On World Mental Health Day 2018 Emma, a PAPYRUS HOPELINE247 adviser, writes about the challenges for young people in a changing world.
Changes are a natural part of life – they can be either positive or negative and they are usually things that we cannot control. For young people especially, these changes seem to occur more and more frequently in the modern world. These changes may be transitions from Primary school to High school, from College to University or from job to job. However, these changes could also take many other forms, for example changing bodies, hormones and appearances. Yet it is important to note that, whilst things change for each individual, things are also changing and developing in the wider world – an external factor that we cannot control.
It can be difficult to cope when things are different to how they were before – things that are unfamiliar can take some getting used to. So, how do young people cope with this? Sometimes, changes can be so overwhelming that people can find it difficult to cope which can, on occasion, lead to thoughts of suicide.
According to the World Health Organisation, before the age of 14, half of all mental illnesses have already begun. Further to this, it has been found that self-harm reported to GPs among teenage girls under the age of 17 in the UK has increased by 68% over the past three years. Shockingly, it has also been found that 75% of young people with a mental health problem are not receiving treatment. Most importantly of all, in the UK, suicide is the biggest killer of young people under the age of 35. So, what is the reason for this?
As a charity, we at PAPYRUS believe that thoughts of suicide can be related to significant events (or changes) with a feeling of loss – these significant events are unique to each individual and everyone responds to these things in different ways. In today’s society, the world around us is constantly changing and impacts upon people differently. In the past decade, technology is perhaps the biggest transformation that has occurred. Although there are many positive aspects of technology and the internet, there are also many negative things that are important to take into consideration.
The dominance of social media has transformed the way in which people live – it could be argued that this development has been a catalyst for how prominent mental health problems are in the modern world and may, to a degree, be a contributing factor to why suicide is the biggest killer of young people in the UK. The broadcaster, Mary Nightingale, has discussed the ways in which social media has created a new ‘perfect’ world – but this world is an untrue representation of a person’s life. Therefore, it is so important for people to see beyond this and behind the pictures that are ‘highlights’ of a very false life. People try and compare their reality to the fake world represented online – this can make people feel as though their life is insignificant or even as though it is wrong, which can often lead to thoughts of suicide.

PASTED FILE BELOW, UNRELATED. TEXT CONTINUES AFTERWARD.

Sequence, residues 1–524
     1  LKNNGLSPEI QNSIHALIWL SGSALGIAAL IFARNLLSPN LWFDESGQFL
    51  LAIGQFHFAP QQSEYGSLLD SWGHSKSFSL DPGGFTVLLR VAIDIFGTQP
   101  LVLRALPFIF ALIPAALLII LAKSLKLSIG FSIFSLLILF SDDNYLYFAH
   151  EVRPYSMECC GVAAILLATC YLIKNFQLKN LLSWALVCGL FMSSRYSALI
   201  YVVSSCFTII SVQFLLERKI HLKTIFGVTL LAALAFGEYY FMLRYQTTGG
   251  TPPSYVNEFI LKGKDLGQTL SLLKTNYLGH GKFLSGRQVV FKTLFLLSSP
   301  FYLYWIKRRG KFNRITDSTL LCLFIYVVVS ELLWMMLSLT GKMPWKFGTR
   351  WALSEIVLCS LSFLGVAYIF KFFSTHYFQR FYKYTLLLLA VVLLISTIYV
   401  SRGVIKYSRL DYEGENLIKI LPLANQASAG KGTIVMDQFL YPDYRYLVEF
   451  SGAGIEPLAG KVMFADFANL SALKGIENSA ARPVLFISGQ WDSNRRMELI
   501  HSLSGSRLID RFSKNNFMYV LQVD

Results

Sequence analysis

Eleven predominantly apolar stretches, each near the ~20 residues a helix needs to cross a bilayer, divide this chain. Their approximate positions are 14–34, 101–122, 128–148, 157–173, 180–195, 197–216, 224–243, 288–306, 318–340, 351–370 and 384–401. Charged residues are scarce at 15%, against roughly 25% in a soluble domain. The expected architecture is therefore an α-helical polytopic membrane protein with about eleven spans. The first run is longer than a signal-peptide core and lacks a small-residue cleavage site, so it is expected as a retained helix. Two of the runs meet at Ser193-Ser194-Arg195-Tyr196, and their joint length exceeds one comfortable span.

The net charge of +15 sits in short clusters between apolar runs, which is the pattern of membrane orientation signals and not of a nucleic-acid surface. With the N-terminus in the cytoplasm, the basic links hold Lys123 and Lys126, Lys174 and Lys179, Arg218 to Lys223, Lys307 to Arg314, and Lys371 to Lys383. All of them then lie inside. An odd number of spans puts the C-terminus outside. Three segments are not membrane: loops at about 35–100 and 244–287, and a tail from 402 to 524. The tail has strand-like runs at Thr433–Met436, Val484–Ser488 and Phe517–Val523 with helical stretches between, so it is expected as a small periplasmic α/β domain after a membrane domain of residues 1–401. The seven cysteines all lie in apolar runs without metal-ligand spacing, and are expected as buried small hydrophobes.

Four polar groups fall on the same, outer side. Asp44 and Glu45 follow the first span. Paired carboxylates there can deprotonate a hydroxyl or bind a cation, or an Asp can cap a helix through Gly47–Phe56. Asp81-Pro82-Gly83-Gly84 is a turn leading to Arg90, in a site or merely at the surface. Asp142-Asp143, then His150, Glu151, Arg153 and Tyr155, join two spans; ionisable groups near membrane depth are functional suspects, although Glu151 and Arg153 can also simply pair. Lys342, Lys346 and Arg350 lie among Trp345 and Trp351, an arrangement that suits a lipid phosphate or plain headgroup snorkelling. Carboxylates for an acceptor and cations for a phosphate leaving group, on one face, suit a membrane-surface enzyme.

So, what can be done about this? Resilience is key in helping to manage a person’s mental illness or recover from it entirely. Learning to build resilience from a young age is imperative for improving mental health in the modern world, however it is also something that can be taught in later life. There are many ways in which a person can do this, for example through self-help resources which can be found online or by being taught life-lessons as part of their learning and/or school curriculum.
One way for young people to build resilience and create a safe space could be creating a ‘HOPEBOOK’. This HOPEBOOK can be a true representation of a person’s life – their goals, their dreams, their memories. Let’s help each other to create a real world in which to live – let’s make it real and raw and not hide behind filters. It’s true that we can help young people to adapt to the world and its changes to some degree. But we can also help them to define their own world, rather than defining themselves by others or what they see on social media. Changes like these can make a big difference for young people and their mental health.